The Costs of Fear
"Everyone deserves the same basic right to health care. No one should be forced to choose between seeking medical care or possible deportation."
Seeking healthcare is a daunting challenge, especially for those who are living in poverty or who are undocumented. “(Immigrants) come here and work hard, and just like everyone else they get sick. Everyone deserves the same basic right to health care. No one should be forced to choose between seeking medical care or possible deportation,” says Tatiana Ramirez.
Tatiana is the Director of Patient Services at We Care Jacksonville, Inc. (dba WeCareJax) in Jacksonville, Florida. The mission of the nonprofit organization is to improve healthcare access by developing and coordinating a community-wide network of medical volunteers and donated healthcare services to compassionately care for the uninsured and underserved. These physicians and providers volunteer their time to see patients at no cost. WeCareJax accepts referrals for service from a dedicated network of free and charitable primary care clinics around Duval County.
“Unfortunately, for some, the fear of their immigration status being discovered, or the medical services being considered a public charge forces them to choose
to remain sick rather than seek medical care.”
Yet despite WeCareJax’s mission, Tatiana says there is still initial apprehension by immigrant patients to engage their services. “For some, it is scary just to walk into a health center because there is a fear of what they can expect. Our very first goal is to make certain that every client that seeks our help understands that we are there to help them find treatment for their health care needs. Unfortunately, for some, the fear of their immigration status being discovered, or the medical services being considered a public charge forces them to choose to remain sick rather than seek medical care.”
Tatiana recounts the plight of one such immigrant client who was living in Duval County. She had become so gravely ill that she was unable to continue working as a housekeeper. Despite her health deteriorating over the course of several years, she never sought medical treatment – feeling forced to live in the shadows of our healthcare system.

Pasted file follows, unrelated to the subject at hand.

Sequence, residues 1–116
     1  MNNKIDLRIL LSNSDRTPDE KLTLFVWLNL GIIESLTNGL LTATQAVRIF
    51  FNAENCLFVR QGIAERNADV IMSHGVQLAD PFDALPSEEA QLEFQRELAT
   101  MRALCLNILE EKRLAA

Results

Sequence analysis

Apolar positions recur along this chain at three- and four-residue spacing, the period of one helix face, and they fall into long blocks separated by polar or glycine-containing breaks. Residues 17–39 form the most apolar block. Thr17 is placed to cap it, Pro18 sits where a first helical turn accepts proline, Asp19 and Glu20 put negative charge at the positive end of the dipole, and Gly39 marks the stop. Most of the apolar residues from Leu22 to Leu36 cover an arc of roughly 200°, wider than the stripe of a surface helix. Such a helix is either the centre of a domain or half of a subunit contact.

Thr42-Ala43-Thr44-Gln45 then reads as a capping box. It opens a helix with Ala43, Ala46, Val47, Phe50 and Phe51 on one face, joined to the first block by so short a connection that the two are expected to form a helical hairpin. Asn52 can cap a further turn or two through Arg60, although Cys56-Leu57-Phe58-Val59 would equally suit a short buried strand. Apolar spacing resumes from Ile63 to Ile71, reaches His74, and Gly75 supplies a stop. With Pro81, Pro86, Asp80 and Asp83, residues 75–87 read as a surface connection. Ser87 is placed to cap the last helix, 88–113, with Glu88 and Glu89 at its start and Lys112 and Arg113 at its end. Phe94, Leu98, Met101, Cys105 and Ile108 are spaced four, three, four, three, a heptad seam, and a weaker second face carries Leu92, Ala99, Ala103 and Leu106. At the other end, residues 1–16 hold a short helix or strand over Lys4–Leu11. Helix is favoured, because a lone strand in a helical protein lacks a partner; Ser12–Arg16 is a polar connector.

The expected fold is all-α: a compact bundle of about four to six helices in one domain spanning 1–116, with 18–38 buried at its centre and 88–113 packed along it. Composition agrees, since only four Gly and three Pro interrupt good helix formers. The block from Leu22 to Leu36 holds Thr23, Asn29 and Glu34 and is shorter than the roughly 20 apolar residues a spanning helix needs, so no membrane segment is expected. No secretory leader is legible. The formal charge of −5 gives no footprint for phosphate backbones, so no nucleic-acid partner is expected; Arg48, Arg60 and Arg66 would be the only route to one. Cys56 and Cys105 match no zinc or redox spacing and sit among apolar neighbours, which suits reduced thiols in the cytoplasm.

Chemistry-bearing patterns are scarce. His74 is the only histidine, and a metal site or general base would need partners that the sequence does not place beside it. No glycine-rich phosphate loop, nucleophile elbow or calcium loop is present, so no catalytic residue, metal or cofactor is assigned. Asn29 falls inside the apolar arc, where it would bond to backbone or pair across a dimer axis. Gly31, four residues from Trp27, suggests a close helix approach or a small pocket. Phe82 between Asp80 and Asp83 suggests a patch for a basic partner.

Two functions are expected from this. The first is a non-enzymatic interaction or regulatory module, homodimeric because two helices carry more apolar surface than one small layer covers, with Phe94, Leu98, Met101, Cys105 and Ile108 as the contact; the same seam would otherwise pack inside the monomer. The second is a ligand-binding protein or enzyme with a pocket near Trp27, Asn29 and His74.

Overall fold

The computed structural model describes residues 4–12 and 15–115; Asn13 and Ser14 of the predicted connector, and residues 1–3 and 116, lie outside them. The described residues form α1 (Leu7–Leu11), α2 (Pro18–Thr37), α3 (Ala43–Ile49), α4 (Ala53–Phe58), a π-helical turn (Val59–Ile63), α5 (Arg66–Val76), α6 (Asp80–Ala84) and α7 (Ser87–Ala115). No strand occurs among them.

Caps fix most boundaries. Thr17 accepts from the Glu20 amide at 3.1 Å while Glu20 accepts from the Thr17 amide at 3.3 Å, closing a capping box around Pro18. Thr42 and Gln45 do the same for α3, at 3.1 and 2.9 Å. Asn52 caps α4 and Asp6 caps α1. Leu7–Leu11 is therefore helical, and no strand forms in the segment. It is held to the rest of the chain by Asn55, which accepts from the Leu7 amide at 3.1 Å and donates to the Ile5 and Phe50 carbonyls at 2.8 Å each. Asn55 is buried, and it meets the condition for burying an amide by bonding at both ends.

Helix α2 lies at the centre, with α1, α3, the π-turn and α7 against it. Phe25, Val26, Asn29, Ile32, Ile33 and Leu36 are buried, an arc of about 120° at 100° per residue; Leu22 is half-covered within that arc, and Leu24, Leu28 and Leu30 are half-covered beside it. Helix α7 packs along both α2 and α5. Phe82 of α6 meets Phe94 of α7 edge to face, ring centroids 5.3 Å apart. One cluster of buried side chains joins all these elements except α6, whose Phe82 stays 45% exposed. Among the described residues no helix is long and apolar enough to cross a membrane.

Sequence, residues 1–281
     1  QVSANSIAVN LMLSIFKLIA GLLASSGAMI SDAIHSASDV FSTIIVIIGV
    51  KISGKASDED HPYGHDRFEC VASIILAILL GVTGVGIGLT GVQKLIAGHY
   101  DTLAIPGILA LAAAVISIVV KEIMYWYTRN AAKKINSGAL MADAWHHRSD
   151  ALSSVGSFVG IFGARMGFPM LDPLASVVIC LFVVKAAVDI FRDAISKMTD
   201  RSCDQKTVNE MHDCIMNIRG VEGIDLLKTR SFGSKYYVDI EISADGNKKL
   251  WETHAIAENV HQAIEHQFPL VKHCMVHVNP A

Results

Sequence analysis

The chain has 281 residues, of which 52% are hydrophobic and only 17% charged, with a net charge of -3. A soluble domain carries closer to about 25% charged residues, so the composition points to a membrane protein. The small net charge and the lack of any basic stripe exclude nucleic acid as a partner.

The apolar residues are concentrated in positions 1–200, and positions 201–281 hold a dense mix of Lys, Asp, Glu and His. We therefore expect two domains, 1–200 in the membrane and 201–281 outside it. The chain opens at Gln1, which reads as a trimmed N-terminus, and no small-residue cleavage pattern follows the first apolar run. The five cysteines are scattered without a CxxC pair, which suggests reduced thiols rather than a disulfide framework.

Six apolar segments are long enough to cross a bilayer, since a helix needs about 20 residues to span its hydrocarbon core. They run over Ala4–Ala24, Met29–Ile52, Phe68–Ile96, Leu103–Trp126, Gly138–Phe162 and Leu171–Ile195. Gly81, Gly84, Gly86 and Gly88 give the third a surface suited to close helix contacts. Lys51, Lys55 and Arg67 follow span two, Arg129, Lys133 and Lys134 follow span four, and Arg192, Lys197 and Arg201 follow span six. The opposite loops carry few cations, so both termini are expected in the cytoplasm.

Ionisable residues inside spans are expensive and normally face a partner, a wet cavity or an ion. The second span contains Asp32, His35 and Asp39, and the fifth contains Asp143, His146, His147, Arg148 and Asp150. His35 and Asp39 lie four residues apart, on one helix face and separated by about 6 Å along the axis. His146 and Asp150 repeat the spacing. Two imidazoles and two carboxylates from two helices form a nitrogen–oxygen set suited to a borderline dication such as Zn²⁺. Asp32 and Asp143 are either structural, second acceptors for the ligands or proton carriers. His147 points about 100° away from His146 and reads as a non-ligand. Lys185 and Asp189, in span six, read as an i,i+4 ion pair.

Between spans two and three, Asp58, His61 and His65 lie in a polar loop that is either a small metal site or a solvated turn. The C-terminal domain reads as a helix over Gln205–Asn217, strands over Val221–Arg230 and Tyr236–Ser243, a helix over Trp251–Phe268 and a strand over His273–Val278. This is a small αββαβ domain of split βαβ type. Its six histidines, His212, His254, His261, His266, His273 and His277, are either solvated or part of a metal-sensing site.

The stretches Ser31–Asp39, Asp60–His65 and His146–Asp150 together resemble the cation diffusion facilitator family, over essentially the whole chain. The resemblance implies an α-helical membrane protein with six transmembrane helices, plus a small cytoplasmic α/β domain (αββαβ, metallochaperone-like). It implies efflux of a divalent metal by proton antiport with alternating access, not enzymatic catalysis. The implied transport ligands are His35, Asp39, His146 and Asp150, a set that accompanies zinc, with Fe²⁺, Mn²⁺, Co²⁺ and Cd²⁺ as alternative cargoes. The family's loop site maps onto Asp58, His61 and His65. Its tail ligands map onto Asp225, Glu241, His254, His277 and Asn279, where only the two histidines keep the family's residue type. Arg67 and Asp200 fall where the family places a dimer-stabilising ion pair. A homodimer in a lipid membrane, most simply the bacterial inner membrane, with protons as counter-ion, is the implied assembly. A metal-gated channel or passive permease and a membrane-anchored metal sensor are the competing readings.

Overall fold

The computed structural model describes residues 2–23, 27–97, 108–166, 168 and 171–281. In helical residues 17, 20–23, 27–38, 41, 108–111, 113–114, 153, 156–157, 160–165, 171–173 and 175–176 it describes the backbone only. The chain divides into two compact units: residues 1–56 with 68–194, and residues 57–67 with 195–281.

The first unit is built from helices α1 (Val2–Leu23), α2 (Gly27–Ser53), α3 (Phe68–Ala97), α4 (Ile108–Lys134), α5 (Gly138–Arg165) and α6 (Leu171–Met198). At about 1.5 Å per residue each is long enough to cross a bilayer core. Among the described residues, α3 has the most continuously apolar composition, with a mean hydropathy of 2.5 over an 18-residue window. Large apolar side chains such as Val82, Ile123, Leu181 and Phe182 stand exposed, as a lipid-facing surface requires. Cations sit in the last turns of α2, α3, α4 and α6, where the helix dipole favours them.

“By the time she was referred to WeCareJax and was seeing our specialty provider, she was diagnosed with Stage 4, neuroendocrine cancer. She is now receiving care to treat her condition and continues to care for her two school-age children, who had gone for 10 years without receiving regular pediatric care themselves. If she had not been so fearful of seeking care due to her immigration status, her cancer could have been detected earlier, resulting in a better long-term outcome.”
A point of frustration and heartbreak for Tatiana is knowing that many immigrant residents in the county opt to not seek help because of fear. “We often refer our clients to the University of Florida, which has a fantastic health care program funded by the city of Jacksonville for its indigent residents. However, some individuals - who have concerns about their immigration status - are afraid to utilize the program’s services. They fear that doing so will result in their application for a green card or citizenship being denied.”
Tatiana explains that another consequence of immigrant residents not seeking initial medical care is the expensive option which they are forced to utilize once their health becomes critical. “Unfortunately, what happens more often is that these patients who have foregone seeking medical treatment for so long get to be so very sick. At that point, the resource of last resort is their local emergency room (E.R.). And the E.R. is a very expensive type of treatment for them to have to seek out.”
Preventive care is a major issue for the uninsured. “The reality of the situation is that if we do not help provide care before their condition becomes critical, and these individuals are forced to go the E.R., then the cost of treating them will definitely be more expensive. This is something important to consider.”
The Florida Health Justice Project, a nonprofit organization, recognizes that access to quality and affordable health care is a human right and engages in comprehensive advocacy to expand health care access and promote health equity for vulnerable Floridians.
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